At Bayard Taylor Elementary in Philadelphia, a school where three-quarters of the students are Latino, Kimberly Blake, a third-grade bilingual teacher, said she struggles to find books about Latino children that are “about normal, everyday people.” The few that are available tend to focus on stereotypes of migrant workers or on special holidays. “Our students look the way they look every single day of the year,” Ms. Blake said, “not just on Cinco de Mayo or Puerto Rican Day.”

On a recent morning, Ms. Blake read from “Amelia’s Road” by Linda Jacobs Altman, about a daughter of migrant workers. Of all the children sitting cross-legged on the rug, only Mario said that his mother had worked on farms.

However, a book that colors every fourth child brown may be accused of tokenism.

As a reading tutor, I see a lot of books for young children that feature animals — especially cats, bats and rats. They sit on mats and try on hats. Humans are named Nan, Fran, Pam, Sam, Tam, Tim and Sim. It’s not a rich cultural milieu for children of any background. I can tell you what little girls of all colors and creeds long to read: the Pinkalicious series. Sadly, my kids can only handle “tan” and “red.”

A good book is a good book is a good book,” writes author Nikki Grimes in Color Me Perplexed. “The single most important question we should ask when considering a book for our classroom or library shelves is, is the book any good?”

When I was researching Our School (which makes a lovely holiday gift), I saw students from Mexican immigrant families fall in love with Harry Potter books. The kids weren’t British or pale skinned. They weren’t wizards either. They liked the story.

‘Our new math book . . . ‘


Our new math book not only remediates, diagnoses, analyzes, and tests, it … - Cartoon Premium Giclee Print

From David Sipress cartoons at the Condé Nast Collection.

Must-read-aloud books for little kids and parents

Mike Petrilli suggests the kindergarten canon, must-read-aloud books for little kids.

One of the great joys of parenthood is reading to my two young sons. Partly it’s the visceral experience: Little guys curled up on my lap, in their PJ’s, soft light overhead, the day winding down, sleep coming (well, one can hope). But it’s also about the books: An endless treasure trove of stories to share, pictures to enjoy, traditions to pass along.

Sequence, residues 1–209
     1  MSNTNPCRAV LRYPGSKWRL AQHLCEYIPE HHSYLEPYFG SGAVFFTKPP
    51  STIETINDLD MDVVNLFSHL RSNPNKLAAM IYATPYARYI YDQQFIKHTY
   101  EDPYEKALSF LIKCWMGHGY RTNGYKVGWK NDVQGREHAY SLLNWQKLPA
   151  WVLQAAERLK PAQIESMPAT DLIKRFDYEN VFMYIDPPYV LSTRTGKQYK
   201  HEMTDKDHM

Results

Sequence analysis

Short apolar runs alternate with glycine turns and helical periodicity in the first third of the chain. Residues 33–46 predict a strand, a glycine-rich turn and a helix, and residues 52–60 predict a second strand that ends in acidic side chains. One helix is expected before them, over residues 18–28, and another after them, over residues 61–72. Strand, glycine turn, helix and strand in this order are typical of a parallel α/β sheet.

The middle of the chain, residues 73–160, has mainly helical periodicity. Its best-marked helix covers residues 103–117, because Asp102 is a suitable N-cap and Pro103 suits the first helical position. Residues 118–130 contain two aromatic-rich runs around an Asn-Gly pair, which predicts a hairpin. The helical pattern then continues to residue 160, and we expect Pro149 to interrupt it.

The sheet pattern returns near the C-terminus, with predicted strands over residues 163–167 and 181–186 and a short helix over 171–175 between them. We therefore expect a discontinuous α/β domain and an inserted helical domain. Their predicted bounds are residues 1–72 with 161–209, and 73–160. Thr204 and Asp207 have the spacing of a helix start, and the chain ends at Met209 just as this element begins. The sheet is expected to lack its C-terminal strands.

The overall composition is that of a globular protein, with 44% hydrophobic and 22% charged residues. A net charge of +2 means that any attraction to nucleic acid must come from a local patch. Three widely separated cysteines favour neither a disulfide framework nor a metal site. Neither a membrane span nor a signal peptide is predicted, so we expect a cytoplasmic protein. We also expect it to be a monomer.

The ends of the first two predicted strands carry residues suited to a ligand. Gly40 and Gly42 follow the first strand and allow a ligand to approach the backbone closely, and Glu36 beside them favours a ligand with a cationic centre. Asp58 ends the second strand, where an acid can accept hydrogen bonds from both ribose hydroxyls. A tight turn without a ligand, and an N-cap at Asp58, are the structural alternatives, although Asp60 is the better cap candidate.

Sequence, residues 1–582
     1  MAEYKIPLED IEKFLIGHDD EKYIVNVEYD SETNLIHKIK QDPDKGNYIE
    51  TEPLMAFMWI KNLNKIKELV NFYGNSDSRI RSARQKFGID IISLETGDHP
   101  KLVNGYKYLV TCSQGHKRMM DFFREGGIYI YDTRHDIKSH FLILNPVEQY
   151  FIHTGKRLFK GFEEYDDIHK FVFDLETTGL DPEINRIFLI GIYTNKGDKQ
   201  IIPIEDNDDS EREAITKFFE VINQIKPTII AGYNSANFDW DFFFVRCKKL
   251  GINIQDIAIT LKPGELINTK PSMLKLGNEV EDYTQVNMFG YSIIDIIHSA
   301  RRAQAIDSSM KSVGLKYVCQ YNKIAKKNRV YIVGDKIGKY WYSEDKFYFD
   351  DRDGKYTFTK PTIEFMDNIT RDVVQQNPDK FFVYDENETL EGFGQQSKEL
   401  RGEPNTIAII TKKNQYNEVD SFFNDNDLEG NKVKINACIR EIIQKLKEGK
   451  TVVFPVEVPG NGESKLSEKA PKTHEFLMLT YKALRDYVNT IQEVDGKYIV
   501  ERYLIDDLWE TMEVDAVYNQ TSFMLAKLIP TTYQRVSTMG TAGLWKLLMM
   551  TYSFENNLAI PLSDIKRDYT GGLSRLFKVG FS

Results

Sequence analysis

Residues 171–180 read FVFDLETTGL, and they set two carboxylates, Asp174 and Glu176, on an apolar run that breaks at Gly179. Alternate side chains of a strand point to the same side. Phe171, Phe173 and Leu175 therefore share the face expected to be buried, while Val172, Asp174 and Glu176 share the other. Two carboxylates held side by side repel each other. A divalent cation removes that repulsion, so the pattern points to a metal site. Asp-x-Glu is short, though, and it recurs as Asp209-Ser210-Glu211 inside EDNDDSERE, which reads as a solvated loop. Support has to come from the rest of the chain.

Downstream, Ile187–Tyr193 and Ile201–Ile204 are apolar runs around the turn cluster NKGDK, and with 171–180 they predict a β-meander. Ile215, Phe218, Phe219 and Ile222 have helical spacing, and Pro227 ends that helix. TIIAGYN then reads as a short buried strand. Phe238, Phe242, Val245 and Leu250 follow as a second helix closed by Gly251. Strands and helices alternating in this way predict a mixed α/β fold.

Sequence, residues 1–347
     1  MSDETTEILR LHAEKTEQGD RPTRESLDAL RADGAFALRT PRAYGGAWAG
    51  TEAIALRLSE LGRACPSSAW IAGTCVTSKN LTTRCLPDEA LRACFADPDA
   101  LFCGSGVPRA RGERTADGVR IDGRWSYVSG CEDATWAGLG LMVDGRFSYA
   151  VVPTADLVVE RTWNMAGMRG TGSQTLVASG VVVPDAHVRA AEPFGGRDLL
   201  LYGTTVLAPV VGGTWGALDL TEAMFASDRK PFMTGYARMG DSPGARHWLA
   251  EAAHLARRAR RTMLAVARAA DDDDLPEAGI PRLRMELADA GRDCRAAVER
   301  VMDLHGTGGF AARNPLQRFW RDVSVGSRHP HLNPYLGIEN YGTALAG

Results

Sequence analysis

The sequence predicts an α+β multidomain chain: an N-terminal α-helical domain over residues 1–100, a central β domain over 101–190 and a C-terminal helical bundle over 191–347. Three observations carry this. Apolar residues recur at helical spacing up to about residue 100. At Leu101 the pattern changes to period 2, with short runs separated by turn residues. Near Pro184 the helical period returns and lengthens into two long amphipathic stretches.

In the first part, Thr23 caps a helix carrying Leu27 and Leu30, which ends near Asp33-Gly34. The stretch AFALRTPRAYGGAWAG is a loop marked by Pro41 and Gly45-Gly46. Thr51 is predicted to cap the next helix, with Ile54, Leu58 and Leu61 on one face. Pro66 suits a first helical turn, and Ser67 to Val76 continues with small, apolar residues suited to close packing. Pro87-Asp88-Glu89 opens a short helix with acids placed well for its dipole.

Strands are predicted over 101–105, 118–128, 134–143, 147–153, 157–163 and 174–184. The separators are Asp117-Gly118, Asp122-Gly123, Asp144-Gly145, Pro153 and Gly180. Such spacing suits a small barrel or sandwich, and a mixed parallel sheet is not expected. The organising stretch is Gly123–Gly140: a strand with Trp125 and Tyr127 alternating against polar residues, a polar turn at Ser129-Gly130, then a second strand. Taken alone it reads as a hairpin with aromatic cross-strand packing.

Here’s his full list, which includes some of my old favorites: Goodnight Moon (I read this every night or recited it from memory), Corduroy and, from my childhood, Caps for Sale and Blueberries for Sal. And lots of others, of course.

Welcome back, dead white males

Welcome back, dead white males  writes Mark Bauerlein, an Emory professor of English, in a New York Daily News op-ed. Common Core Standards adopted by 45 states plus D.C., require students to “demonstrate knowledge of 18th-, 19th- and early-20th-century foundational works of American literature,” as well as foundational historical documents such as the Declaration of Independence. It’s about time, writes Bauerlein.

For bookish types and patriotic citizens, too, the canon of Ben Franklin’s “Autobiography,” Emerson’s essays, “The Scarlet Letter” and “Huck Finn” is a personal inspiration as well as a sacred heritage.

But to the people in control of high school English — those who craft standards, select anthologies, monitor curricula and teach classes — that great tradition is not a treasure. It’s a threat.

Until the 20th century, they note, nearly all authors were white males, and the cultures in which they thrived cast females and people of color as inferior.

In the last 30 years, high school students have read quota-driven anthologies instead of classic literature, Bauerlein writes.

We’re told that female, black and brown students must encounter inspiring female, black and brown characters and authors — or else they won’t realize that they can become successful adults.

English teachers have to comply, whether they like it or not. Common Core gives teachers “a solid defense against identity quotas in the classroom,” Bauerlein writes.

Via Core Knowledge Blog.

Book killer

Crafts maven Lauren Conrad demonstrates what BuzzFeed calls The Worst Craft Idea Ever, dismembering hardcover books to use their spines to create a “unique” storage box. She suggests using the pages as wallpaper.

Author Lemony Snicket, one of whose books was dismembered in the video, told Slate:

 “It has always been my belief that people who spend too much time with my work end up as lost souls, drained of reason, who lead lives of raving emptiness and occasional lunatic violence. What a relief it is to see this documented.”

Conrad, who apparent got her start on a reality TV show, has taken down the YouTube video.

Young-adult books? Or kids’ books?

What Are Your Favorite Young Adult Novels? asks NPR in its summer books poll. Votes are coming in from adults as well as teens, reports Atlantic Wire.